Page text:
Canada Joins World’s Largest Trade Pact with 5 Other Countries – As the US Stays Away
Recently, a consortium of 6 countries activated the Comprehensive Agreement for Trans-Pacific Partnership (CPTPP). Brunei, Peru, Chile, Malaysia, Vietnam are also set to ratify the treaty. With Mexico, Australia, New Zealand, Singapore, Japan and Canada in the deal, it now encompasses more than 13.5% of the global GDP.
Across the Pacific, a new world trade order is taking shape without the US. Strategic leadership of America is increasingly eroding with the latest developments. With the Trump administration’s thinly veiled attempts to derail the treaty, eleven countries, including Canada are taking the lead to put the CPTPP back on track.
A New World Trade Order Emerges
With the CPTPP taking shape, established barriers to trade are melting away in the majority of the goods. Over the coming years, the CPTPP promises to eradicate more than 18000 tariffs and reduce others substantially.
The Trans-Pacific Trade pact comes into effect as the protectionism increases in the world. Even though US was the primary country drafting the treaty when Obama was President, an executive order signed by Trump in 2017 pulled the US out of the pact.
Equal treatment of countries is the new norm in the trade pact. Costs of compliance, rules of origin and customs clearance charges are also planned to be slashed heavily. The area covered under the treaty is poised to be a rapidly growing region of the world, bigger than EU’s market post Brexit.
Many countries have already shown interest in being a part of it. Colombia, Indonesia, Taiwan, Thailand, South Korea and the UK despite being in the Atlantic have expressed a desire to join. A new world trade order is waiting to take off with the emergence of this treaty.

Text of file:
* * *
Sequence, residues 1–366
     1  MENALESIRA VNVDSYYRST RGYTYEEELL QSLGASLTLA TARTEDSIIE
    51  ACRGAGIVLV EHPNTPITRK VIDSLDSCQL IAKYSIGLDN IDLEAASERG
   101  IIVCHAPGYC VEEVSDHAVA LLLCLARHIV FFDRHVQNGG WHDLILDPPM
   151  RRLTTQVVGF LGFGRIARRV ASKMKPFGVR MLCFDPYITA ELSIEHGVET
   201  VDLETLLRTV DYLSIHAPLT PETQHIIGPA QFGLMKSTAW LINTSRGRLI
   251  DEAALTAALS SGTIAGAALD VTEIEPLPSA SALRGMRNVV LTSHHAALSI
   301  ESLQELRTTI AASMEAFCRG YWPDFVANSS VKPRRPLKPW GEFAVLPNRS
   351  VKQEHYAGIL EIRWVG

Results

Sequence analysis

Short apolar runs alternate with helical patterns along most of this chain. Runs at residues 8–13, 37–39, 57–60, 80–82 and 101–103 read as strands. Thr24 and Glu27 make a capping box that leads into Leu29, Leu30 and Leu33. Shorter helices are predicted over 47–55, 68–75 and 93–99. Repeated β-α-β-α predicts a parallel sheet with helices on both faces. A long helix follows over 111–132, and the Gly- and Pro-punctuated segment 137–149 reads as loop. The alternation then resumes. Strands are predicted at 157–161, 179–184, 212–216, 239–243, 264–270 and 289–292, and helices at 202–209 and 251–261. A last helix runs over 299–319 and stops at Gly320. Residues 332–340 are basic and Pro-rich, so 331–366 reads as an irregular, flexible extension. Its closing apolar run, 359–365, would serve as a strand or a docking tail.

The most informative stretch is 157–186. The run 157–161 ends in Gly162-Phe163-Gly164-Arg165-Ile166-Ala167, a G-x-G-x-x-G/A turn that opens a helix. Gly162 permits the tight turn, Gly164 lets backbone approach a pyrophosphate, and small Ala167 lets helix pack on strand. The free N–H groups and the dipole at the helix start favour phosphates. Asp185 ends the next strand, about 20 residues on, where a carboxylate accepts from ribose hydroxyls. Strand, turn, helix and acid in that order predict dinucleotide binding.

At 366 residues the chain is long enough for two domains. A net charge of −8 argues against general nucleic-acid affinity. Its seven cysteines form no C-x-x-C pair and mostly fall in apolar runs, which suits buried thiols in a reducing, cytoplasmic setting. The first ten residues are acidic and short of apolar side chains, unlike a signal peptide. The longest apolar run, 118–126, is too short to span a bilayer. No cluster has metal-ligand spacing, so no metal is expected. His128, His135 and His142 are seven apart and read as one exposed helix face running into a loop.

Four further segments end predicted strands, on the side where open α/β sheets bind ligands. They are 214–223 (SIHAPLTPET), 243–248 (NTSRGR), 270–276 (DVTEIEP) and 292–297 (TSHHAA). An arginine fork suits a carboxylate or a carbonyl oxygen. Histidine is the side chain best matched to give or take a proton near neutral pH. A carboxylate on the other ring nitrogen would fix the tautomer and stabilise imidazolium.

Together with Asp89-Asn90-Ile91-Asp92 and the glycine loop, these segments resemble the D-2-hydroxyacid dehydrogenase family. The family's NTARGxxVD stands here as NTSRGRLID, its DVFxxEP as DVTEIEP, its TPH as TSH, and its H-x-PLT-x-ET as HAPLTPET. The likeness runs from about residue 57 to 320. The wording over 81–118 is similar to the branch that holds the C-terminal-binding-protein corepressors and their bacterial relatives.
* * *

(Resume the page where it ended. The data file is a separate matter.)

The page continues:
Earlier known as Trans-Pacific Partnership (TPP), the US devised this trade pact to contain Asia’s massive growth, particularly that of China. Conceived as an instrument of US foreign policy, it has now contained the US itself.
When President Trump pulled out the US from the treaty, many saw it as a strategic blunder. He deemed it to be a disaster for US workers and assumed that without the US, it would wither away. Alas, the White House was under completely wrong notions. Long term US allies have gone ahead to join the CPTPP, despite US pressure to refrain from doing so.
The Peterson Institute in Washington deems America to be the biggest loser in the bargain. By not joining the treaty, the US stands to lose an opportunity to enter many lucrative markets while New Zealand, Canada and Australia will reign supreme.
Global Trade Map Set to Change
China is also waiting on the sidelines, waiting for an opportunity to join the trade pact.
The current 90-day truce in China and US trade war risks the imposition of US tariffs on Chinese goods from 10pc to 25pc. If exorbitant tariffs get imposed upon China, it risks endangering more than $1 trillion of bilateral trade and its economic impact on global trade could be shocking.
Earlier China focussed on creating the One Belt, One Road programme through infrastructure projects in diverse faraway countries. It was utilizing its huge current account surplus and debt financing to acquire strategic assets and ports around the Indian Ocean.
Due to the stiff backlash faced by the Chinese government, they were on the lookout for other trade options. The US has allowed China an easy path to get into the multilateral framework of CPTPP.
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